Topics: real estate
I’ve touched on various homebuying topics before, but I think it’s time I start a new series to track our progress toward homeownership. In the last few months, I have learned more about real estate, mortgages, and settlements than I think I learned about computers in college (remember, I was a computer science major). Hopefully this self-education will pay off and help make the homebuying process as smooth as possible.
But first, it’s time to answer the classic Question Numero Uno of every first-time homebuyer: Am I ready to buy a home? There are many reasons a person may answer no to this question:
Some Reasons People Say No to Homebuying
- They feel more comfortable renting.
- It’s a lot of work to buy a house.
- They’re not planning to stay in the area long.
- They think they can’t afford it.
And those are, for the most part, all perfectly valid reasons. Some of them are stupid valid reasons, but at least they’re all valid. Of course, probably the most common reason to turn away from the idea of homeownership is the question of affordability. If you rent, in order to buy a home of similar size and quality to your apartment, you’re likely going to be paying more in a mortgage each month than you do renting. That is, the check you write each month for your own home will be bigger than if you were sending that check to a landlord.
But consider what goes into a payment check for a rental unit versus a mortgage. When you rent, your payment certainly keeps a roof over your head–but you don’t own the roof. When you own your own home, it builds your net worth over time through equity (either on its own as the house appreciates or with the help of payments to your mortgage principle). So that mortgage check might seem bigger, but you’re really paying a lot less than its face value when you take into consideration things like rising home value and loan interest tax deductions.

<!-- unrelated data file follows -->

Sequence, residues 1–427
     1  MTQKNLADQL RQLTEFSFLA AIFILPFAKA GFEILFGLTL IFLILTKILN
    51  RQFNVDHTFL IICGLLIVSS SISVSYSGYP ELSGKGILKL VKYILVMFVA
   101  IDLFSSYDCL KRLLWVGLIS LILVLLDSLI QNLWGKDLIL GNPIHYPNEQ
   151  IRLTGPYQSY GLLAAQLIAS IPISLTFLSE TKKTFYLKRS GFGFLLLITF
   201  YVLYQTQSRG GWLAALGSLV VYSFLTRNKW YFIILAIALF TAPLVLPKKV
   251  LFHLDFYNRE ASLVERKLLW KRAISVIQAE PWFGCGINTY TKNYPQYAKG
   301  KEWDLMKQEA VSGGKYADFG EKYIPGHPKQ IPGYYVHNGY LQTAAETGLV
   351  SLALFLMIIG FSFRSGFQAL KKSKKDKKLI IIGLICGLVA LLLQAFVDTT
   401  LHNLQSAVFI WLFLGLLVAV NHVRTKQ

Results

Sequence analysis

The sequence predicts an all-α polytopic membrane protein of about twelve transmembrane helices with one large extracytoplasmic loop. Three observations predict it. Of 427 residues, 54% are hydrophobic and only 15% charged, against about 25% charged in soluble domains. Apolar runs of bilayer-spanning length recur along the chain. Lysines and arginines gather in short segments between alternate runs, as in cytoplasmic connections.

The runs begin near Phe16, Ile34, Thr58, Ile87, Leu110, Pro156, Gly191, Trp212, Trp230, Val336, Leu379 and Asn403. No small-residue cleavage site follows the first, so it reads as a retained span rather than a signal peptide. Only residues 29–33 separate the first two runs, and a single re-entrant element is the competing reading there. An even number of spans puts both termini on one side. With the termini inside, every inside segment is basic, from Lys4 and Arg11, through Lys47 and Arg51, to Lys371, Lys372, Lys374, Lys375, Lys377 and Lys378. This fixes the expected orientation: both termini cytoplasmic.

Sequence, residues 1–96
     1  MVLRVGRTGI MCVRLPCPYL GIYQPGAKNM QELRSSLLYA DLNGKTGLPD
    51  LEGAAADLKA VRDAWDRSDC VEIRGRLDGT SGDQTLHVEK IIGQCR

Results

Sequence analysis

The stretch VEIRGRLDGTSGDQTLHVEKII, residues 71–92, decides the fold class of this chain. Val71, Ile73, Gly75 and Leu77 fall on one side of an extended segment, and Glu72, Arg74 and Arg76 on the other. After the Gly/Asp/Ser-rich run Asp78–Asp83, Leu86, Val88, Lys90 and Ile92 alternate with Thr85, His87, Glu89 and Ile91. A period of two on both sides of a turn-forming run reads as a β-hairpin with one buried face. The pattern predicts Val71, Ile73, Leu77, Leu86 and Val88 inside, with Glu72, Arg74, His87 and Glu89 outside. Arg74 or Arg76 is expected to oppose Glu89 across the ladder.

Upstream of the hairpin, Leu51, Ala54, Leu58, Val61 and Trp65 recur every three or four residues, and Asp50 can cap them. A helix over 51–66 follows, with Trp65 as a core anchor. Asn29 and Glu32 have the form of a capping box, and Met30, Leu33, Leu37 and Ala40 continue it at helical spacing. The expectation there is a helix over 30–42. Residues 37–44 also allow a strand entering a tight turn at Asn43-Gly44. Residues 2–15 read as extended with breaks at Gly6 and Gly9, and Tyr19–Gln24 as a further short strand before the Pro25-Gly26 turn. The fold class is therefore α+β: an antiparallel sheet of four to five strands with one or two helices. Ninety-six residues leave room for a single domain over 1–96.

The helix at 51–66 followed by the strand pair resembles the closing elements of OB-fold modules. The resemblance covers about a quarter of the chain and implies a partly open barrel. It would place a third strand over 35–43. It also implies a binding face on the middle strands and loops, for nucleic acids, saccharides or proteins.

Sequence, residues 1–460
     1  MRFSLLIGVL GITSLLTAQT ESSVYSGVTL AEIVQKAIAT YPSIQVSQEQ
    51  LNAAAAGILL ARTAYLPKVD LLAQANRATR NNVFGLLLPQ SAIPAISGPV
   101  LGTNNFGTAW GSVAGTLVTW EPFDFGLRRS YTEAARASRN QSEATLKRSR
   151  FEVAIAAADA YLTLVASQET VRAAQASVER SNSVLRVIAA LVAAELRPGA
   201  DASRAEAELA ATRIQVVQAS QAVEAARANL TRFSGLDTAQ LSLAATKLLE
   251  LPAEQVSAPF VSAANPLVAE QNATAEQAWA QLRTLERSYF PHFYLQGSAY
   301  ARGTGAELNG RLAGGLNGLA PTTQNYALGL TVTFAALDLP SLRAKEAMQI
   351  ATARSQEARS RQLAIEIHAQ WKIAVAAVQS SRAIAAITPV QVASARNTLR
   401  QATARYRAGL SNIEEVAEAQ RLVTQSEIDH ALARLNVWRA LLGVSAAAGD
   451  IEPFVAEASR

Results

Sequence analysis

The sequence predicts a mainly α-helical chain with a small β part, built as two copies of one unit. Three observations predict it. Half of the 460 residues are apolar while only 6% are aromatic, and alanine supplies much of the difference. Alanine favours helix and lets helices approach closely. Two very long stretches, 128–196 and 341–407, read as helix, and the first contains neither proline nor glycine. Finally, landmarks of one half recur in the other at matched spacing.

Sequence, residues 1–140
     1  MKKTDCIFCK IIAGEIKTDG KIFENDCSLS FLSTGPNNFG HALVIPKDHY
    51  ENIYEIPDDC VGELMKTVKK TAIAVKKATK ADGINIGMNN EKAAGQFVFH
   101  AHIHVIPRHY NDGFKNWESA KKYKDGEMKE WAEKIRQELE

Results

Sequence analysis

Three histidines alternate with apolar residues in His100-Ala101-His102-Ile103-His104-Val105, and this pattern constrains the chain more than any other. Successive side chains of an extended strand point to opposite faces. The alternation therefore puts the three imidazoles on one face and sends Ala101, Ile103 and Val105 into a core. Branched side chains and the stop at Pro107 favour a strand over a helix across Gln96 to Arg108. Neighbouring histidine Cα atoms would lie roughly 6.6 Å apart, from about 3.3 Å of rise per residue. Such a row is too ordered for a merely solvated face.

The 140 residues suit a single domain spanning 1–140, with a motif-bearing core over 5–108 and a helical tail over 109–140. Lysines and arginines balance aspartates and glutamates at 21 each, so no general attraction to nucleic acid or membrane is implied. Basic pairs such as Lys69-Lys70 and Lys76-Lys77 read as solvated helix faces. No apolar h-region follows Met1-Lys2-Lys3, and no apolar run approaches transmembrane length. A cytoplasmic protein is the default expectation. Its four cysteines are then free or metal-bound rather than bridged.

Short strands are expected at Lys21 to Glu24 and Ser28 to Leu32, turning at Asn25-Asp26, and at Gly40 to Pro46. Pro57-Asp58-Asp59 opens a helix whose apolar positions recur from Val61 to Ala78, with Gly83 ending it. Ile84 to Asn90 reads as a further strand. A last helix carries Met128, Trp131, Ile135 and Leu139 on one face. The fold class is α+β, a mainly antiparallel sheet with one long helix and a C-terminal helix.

Even once a person realizes that owning a home works out to be a better financial decision (a realization we’ve already made, thankfully), the question of readiness to buy a home still presents itself–specifically, the issue of affordability remains. How much home can I afford? Can I afford a home where I live? Can I afford a home I really like? These questions are especially difficult to answer for first-time homebuyers like me. Obstacles like no money for a down payment or insufficient credit history and score to obtain a good mortgage interest rate might scare away some folks. Personally I wouldn’t mind if it did; that just means fewer people trying to buy the same home I’m after!
The Capital newspaper (via The Housing Bubble Blog) reported today that the median home price in almost-neighboring Anne Arundel County dropped from $360,000 in May 2006 to $351,750 in June 2006. I certainly wouldn’t mind seeing that sort of dip in Rockville where last year’s median price was $377,084. Still, from real estate agents I’ve spoken to over the last couple of weeks, it seems that home prices in my area have been holding more or less steady in the last month or two. And that trend may continue… or it may not.